Editors Retreat 2016 Sunday

Like every mountain top experience, eventually, the time comes to head back down to the valley, back to the "real-world". For Editors Retreat attendees, it was back to our edit caves scattered across the post production map. But for us, there was a real sense of a renewed energy and a reignited passion for our craft. We took with us more than just new editing techniques and $5,000+ worth of tools. We left Editors Retreat with a stronger identity as editors, affirmed by having made new friendships and having strengthened old ones. Because, regardless of content, we are united by a passion for the process; we all share in the satisfaction of editing.

 

Group Conversation with Michael Tronick

Listening to feature film editor, Michael Tronick, (Straight Outta Compton, Mr. and Mrs. Smith, Remember the Titans) was a high point of Editors Retreat. It was fascinating to discover some of Michale Tronick's editing credits come from having been requested by studios to give a "fresh perspective" on films already edited. These instances testify to the legacy of Michael Tronick, both his skill as an editor and his amiable disposition.

Fun fact: when asked if he had any creative technique for approaching an edit, Michael replied that he enjoys taking walks, not just for inspiration but for health reasons too. In fact, while working on Act of Valor with the directors, Mike McCoy and Scott Waugh, this became known as the "Tronick walk". So, next time you need to recharge or refresh your you creative mind, try the Tronick walk.

One thing was evident in the personalities of each keynote speaker at Editors Retreat: humility. It was a defining characteristic of their careers. So much so, it made you realize you won't be successful without it. And for those that are, they're not well-liked, which calls into question whether they truly are successful. Not so for Michael Tronick. His humility and likability was obvious, both on and off the stage. You will see it called out in his quotes below.

Straight Outta Compton is an example of Michael Tronick being asked by a studio to help edit a film deep in post production. He shared several insights, including how he had to cut the film down from 3+ hours, while not wanting to condense any of the songs. The lyrics in the songs, he said, were linear stories that needed to be kept intact. He also revealed that he is now one of the few who have permission to refer to Ice Cube as "Cube".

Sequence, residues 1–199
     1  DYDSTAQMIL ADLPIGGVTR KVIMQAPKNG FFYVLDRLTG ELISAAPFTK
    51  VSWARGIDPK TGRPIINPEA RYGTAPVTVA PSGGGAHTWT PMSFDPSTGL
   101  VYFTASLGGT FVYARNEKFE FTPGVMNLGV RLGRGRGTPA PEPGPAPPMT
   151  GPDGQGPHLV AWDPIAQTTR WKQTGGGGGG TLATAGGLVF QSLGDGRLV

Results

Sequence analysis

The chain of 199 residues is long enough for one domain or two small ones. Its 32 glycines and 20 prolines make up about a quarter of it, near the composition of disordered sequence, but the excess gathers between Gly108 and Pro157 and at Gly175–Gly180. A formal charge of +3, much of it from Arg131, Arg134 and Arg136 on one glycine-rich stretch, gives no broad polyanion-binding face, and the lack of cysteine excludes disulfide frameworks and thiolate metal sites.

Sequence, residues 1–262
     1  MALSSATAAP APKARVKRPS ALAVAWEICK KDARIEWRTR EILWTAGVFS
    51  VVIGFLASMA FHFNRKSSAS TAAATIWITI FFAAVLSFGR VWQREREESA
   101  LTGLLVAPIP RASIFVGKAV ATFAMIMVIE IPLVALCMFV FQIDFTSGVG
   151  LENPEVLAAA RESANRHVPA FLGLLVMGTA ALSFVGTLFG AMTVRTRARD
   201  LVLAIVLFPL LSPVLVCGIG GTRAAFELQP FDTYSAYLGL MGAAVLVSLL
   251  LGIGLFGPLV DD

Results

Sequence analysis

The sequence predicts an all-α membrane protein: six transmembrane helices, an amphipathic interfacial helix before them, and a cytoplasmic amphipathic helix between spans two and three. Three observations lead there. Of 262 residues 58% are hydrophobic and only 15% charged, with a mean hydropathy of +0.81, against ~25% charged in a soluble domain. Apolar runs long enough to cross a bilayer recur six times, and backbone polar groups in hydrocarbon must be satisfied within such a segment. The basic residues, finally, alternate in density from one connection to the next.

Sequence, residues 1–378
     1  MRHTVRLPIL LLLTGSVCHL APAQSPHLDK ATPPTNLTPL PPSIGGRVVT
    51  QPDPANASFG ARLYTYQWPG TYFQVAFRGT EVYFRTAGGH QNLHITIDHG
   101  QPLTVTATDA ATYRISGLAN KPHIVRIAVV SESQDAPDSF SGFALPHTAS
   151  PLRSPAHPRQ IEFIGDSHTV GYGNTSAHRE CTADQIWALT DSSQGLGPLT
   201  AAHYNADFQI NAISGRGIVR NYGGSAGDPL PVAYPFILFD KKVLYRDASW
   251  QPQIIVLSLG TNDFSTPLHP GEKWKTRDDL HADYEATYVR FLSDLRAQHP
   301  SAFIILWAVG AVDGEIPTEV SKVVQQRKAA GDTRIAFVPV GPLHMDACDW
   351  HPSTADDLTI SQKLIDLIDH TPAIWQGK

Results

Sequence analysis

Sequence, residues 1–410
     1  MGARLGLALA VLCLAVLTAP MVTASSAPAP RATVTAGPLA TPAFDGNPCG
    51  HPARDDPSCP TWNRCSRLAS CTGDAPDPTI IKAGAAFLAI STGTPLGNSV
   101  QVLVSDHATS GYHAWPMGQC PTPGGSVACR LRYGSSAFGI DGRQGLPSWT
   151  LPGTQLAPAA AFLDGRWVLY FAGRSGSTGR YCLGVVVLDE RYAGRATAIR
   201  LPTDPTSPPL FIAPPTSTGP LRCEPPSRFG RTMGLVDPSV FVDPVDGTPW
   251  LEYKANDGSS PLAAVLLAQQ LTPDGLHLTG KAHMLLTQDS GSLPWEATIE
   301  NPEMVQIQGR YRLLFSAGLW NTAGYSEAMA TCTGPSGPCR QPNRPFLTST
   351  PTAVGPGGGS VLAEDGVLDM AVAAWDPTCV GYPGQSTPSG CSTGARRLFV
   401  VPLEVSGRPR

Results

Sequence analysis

For all you editors who have questions about creative control in the cutting room, listen to what Michael Tronick has to say. Remember, his advice comes from being not just a professional editor, but one that studios assign to help other professional editors! If there's an editor who reserves the right to be indignant towards feedback, it would be Michael Tronick. Again, you can hear the humility in his awareness and acceptance of creative input. 

Michael Tronick really took it to the house when he talked about why editors do what they do. He applauded the fact that editors are driven by more than recognition. It's true; satisfaction for an editor comes from the emotional connection to the story he or she is editing, and greatest reward for a job-well-done is another job.

The hardest part of Editors Retreat was having to forsake watching the Denver defense win Superbowl 50. But, what better way to replace it than screening parts of Remember the Titans and hearing them broken down by the master who edited them?

 

Thank You Editors Retreat

Thanks to all Premiere Bro followers for the engagement and readership during Editors Retreat. Hopefully the content shared here was beneficial and provided an insightful and vicarious perspective of this event. Please don't hesitate to reach out with questions about attending Editors Retreat.  

 

Read More Editors Retreat 2016 Recaps

Sean Schools

Sean Schools is Premiere Bro, the Premiere Pro User Blog and Fansite, dedicated to enriching the Premiere Pro editing experience and user community. Sean is a Full Sail University alum and the award-winning video editor for JK Design, a New Jersey advertising agency.